Movie Blog: Trylon Gets Weird In October
The Trylon Microcinema in Minneapolis is letting things get a little weird in that tiny screening room during the month of October. Not only are they presenting a series of classics in surrealism, but they’re also presenting some great new, befuddling work from filmmakers you may not be familiar with.
First up, their series “Like A Razor Across The Eye: Surrealism,” which takes its title from a famous slice from Luis Buñuel and Salvador Dali’s Un Chien Andalou (which is regrettably not part of the program).
Instead, the series looks at movies of a more recent vintage, all of which pushed (or at least nuzzled up against) the boundaries of cohesion and sense. They are:
Holy Mountain (1973, Alejandro Jodorowsky) — Oct. 7-9
Viridiana (1961, Luis Buñuel) — Oct. 14-16
A Zed & Two Noughts (1986, Peter Greenaway) — Oct. 21-23
Lost Highway (1997, David Lynch) — Oct. 28-30
Hausu (1977, Nobuhiko Obayashi) — Oct. 31
Viridiana represents for Buñuel (who, let’s face it, is a mandatory element in any program covering surrealism), and Trylon went for one of his standards. Nuns, malformed bums and blasphemy against the Catholic Church. It’s like Buñuel’s own “It’s Still Rock ‘N’ Roll To Me.”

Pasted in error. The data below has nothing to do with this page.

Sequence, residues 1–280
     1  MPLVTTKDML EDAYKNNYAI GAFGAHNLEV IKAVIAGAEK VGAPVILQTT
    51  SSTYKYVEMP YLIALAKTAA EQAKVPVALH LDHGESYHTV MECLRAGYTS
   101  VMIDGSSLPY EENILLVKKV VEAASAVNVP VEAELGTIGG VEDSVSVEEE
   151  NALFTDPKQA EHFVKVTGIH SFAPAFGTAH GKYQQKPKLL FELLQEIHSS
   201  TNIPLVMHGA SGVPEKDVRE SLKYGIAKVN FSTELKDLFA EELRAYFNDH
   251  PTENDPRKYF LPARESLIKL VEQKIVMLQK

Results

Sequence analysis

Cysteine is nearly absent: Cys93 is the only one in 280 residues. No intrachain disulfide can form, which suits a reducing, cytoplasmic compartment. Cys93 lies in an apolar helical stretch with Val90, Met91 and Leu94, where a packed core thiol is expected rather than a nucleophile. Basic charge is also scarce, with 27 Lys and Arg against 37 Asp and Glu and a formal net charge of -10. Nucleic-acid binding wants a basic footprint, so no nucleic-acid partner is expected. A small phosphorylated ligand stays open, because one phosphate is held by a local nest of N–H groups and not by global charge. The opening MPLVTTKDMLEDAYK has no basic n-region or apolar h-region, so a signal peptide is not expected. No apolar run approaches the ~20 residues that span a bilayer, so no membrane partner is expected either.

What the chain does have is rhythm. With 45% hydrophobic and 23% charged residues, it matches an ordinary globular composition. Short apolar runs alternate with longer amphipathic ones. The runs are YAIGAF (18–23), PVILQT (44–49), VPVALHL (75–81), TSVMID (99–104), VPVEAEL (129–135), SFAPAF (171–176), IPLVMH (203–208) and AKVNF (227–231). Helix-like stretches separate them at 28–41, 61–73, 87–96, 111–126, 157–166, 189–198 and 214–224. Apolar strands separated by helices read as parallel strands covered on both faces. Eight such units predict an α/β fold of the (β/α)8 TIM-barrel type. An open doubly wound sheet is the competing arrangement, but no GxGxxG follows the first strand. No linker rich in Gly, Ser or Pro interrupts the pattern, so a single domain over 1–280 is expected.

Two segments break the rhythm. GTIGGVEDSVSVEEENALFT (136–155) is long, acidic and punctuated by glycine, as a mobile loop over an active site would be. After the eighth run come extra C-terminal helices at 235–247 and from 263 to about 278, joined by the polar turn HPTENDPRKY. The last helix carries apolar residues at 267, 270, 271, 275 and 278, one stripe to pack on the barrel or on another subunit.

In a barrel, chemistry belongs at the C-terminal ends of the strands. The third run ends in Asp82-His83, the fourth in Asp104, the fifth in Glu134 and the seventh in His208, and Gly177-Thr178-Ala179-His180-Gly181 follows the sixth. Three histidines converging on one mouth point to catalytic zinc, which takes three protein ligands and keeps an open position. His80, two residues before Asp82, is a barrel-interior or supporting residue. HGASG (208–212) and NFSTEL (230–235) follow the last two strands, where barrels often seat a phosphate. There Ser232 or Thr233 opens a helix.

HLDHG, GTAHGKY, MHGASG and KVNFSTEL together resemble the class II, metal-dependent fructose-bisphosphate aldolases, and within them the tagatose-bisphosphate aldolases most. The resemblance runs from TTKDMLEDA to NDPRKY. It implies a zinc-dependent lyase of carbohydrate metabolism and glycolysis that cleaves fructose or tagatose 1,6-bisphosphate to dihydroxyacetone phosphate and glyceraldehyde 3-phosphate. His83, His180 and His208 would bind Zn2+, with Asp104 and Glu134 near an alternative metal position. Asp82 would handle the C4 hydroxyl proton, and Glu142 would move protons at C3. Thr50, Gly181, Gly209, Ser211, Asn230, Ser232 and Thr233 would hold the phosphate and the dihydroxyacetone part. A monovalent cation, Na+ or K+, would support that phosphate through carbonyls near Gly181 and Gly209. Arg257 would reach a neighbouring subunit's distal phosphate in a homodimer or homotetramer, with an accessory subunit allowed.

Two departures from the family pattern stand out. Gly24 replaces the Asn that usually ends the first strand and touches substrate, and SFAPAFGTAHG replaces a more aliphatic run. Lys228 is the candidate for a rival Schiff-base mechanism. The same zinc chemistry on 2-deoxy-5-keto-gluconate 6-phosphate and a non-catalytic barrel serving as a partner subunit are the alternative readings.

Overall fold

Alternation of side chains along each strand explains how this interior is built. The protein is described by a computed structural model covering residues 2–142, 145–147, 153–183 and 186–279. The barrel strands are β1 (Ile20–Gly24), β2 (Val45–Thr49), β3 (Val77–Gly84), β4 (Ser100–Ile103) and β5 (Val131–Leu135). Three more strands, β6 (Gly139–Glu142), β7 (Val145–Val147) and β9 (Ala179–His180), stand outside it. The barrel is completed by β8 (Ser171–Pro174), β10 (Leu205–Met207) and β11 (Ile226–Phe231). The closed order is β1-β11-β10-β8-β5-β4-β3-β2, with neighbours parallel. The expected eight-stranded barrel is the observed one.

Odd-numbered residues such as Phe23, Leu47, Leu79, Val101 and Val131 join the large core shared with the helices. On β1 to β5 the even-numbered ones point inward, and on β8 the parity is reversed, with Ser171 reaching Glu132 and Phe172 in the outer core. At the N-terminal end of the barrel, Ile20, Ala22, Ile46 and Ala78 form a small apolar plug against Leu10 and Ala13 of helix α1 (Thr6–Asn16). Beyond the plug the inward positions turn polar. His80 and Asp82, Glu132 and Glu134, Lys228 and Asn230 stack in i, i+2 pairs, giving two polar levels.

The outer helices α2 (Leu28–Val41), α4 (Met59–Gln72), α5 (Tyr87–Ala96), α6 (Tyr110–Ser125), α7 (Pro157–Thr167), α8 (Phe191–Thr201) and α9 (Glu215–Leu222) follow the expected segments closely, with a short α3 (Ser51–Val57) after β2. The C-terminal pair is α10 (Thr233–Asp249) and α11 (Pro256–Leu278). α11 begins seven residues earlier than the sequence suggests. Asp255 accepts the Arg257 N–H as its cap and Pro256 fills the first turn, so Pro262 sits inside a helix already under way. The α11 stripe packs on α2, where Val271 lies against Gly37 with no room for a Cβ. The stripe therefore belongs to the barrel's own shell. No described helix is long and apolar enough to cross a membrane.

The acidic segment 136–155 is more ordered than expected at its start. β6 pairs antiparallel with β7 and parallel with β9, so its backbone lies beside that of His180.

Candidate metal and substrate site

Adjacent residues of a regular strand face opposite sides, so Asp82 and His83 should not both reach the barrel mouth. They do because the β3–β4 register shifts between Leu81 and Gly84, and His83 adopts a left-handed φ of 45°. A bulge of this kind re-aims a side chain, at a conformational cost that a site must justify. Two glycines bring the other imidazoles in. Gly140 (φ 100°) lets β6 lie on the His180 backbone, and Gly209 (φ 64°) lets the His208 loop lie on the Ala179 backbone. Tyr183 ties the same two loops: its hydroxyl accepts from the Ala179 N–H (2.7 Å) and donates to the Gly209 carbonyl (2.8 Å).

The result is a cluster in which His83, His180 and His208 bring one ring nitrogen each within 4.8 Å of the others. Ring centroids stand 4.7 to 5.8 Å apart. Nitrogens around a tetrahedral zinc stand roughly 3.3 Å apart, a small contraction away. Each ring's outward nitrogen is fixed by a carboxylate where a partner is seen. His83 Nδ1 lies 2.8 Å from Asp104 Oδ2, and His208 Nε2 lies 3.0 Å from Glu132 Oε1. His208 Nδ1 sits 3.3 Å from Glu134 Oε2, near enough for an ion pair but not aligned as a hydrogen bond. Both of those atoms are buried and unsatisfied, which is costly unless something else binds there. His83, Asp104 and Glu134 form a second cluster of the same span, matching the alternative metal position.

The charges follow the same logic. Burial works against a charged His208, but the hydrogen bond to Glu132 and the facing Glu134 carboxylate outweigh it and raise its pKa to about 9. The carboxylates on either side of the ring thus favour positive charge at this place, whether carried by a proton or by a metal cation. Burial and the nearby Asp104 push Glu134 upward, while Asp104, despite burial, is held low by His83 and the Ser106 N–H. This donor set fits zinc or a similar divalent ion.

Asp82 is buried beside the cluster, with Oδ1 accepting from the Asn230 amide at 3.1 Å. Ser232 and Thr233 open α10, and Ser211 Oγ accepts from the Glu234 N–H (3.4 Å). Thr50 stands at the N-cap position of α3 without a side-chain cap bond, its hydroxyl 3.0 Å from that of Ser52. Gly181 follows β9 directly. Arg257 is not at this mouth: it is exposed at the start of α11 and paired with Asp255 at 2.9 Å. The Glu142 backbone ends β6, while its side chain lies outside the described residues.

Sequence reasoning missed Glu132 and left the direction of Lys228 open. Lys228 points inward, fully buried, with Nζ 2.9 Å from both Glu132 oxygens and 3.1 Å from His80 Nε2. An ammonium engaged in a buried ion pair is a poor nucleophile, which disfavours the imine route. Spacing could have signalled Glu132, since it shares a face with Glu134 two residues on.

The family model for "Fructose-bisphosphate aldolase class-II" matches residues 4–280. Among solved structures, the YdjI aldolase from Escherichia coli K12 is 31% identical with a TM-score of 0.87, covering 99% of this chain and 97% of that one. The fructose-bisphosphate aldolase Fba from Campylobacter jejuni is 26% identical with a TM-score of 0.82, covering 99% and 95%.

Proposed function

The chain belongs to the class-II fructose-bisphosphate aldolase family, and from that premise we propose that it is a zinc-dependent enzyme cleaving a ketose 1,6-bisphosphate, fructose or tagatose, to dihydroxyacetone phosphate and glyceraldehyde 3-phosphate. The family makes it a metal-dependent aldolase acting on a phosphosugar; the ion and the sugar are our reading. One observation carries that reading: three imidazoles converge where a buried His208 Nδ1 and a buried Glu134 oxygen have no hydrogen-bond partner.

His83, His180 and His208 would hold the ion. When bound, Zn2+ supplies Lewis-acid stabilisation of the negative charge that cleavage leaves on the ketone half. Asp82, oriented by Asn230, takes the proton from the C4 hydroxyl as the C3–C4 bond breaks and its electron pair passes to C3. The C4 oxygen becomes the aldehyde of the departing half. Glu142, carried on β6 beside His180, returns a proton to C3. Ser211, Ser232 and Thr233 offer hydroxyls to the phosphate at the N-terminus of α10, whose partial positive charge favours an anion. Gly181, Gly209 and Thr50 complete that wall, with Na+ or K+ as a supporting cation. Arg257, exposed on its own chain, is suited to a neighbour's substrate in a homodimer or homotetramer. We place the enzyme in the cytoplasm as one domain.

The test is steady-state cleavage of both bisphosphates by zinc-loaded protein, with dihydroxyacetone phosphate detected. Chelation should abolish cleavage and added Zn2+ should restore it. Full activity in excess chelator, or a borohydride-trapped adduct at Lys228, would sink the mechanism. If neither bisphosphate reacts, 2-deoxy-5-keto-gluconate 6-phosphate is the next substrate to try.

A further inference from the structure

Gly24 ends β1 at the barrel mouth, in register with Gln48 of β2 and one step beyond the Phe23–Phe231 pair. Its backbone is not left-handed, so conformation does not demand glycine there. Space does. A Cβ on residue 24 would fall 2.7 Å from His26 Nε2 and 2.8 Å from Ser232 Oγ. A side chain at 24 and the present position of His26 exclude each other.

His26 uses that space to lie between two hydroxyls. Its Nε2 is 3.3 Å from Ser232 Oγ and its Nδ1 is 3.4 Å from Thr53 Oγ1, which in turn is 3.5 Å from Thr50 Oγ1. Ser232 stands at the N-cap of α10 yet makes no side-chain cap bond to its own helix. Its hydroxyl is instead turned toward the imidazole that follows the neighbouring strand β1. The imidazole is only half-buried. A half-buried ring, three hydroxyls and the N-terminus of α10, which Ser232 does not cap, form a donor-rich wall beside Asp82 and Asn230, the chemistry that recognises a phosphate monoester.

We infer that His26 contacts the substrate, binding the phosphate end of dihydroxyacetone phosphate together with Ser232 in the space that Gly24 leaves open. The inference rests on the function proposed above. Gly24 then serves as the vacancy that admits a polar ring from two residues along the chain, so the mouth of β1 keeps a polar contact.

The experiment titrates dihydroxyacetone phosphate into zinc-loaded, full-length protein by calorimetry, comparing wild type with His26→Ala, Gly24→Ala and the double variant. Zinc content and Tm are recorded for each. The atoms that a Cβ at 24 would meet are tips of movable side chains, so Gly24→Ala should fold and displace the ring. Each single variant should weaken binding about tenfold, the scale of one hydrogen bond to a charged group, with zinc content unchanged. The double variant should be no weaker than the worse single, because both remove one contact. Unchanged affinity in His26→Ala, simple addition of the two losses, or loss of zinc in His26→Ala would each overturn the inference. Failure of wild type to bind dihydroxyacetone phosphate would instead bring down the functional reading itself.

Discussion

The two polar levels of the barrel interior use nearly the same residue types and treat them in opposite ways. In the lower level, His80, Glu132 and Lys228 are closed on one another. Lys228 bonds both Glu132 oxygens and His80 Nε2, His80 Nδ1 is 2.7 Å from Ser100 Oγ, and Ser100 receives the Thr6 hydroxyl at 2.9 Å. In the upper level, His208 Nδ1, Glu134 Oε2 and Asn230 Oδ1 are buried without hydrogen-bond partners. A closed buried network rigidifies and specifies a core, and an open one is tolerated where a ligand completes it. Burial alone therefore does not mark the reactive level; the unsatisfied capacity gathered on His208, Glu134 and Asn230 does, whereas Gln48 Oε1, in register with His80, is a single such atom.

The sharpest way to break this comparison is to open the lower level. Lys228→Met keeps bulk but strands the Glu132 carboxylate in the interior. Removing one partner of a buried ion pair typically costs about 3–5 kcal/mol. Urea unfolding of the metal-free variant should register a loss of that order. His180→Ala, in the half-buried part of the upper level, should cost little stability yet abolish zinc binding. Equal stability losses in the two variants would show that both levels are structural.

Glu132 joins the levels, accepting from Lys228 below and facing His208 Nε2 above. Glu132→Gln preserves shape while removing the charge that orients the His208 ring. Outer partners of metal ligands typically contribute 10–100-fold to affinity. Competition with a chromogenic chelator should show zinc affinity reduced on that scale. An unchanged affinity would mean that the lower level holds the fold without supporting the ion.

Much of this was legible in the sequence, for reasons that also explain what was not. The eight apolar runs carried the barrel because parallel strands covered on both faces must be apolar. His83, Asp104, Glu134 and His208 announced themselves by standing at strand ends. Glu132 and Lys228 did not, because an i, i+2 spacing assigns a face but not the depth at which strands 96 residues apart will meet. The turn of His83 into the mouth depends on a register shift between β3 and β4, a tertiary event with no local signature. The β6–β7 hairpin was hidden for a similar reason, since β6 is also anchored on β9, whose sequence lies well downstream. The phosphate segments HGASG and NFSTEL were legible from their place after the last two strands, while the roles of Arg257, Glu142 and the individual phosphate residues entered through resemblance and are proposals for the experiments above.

Hausu played to packed houses last Halloween, as well. I can tell you for a fact that it’s one of the most bizarre horror-comedy hybrids I’ve ever seen. The rest of the movies in the line-up all hew more closely to the horrifying end of the scale when it comes to representing the un-representable on the screen. Hausu, on the other hand, is positively giddy in its depiction of blood, mayhem and bananas.
You’ll notice David Lynch, arguably the most widely-known film surrealist of all time, is in that line up. One of the two movies included in this month’s “Premiere Tuesdays” lineup owes a small debt to Lynch’s legacy. (In fact, it almost looks like it could’ve been filmed using the same obsolete cameras Lynch used for Inland Empire.) The Oregonian is Calvin Reeder’s road trip — with emphasis on the word “trip” — that (somewhat like Godard’s Weekend) journeys into the unknown after a bad car wreck. Here’s the trailer:
The Oregonian plays Oct. 18 and Oct. 25.
The other film Trylon is premiering is Aurora, the latest from The Death of Mr. Lazarescu director Christi Puiu. The langorous, inverted murder mystery plays tonight and next week. Watch a preview for that film here.